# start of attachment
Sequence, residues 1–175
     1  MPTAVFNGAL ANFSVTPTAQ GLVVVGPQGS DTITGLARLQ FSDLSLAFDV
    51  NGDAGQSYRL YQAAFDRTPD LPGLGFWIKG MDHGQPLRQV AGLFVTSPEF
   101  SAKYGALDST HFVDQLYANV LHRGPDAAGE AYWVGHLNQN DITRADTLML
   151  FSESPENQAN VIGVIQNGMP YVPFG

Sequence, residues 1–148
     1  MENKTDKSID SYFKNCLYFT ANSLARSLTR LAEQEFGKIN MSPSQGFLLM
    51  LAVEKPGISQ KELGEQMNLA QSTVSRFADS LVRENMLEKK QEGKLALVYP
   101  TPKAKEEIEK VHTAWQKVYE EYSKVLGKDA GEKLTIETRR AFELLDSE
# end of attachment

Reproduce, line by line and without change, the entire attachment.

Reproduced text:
Sequence, residues 1–175
     1  MPTAVFNGAL ANFSVTPTAQ GLVVVGPQGS DTITGLARLQ FSDLSLAFDV
    51  NGDAGQSYRL YQAAFDRTPD LPGLGFWIKG MDHGQPLRQV AGLFVTSPEF
   101  SAKYGALDST HFVDQLYANV LHRGPDAAGE AYWVGHLNQN DITRADTLML
   151  FSESPENQAN VIGVIQNGMP YVPFG

Sequence, residues 1–148
     1  MENKTDKSID SYFKNCLYFT ANSLARSLTR LAEQEFGKIN MSPSQGFLLM
    51  LAVEKPGISQ KELGEQMNLA QSTVSRFADS LVRENMLEKK QEGKLALVYP
   101  TPKAKEEIEK VHTAWQKVYE EYSKVLGKDA GEKLTIETRR AFELLDSE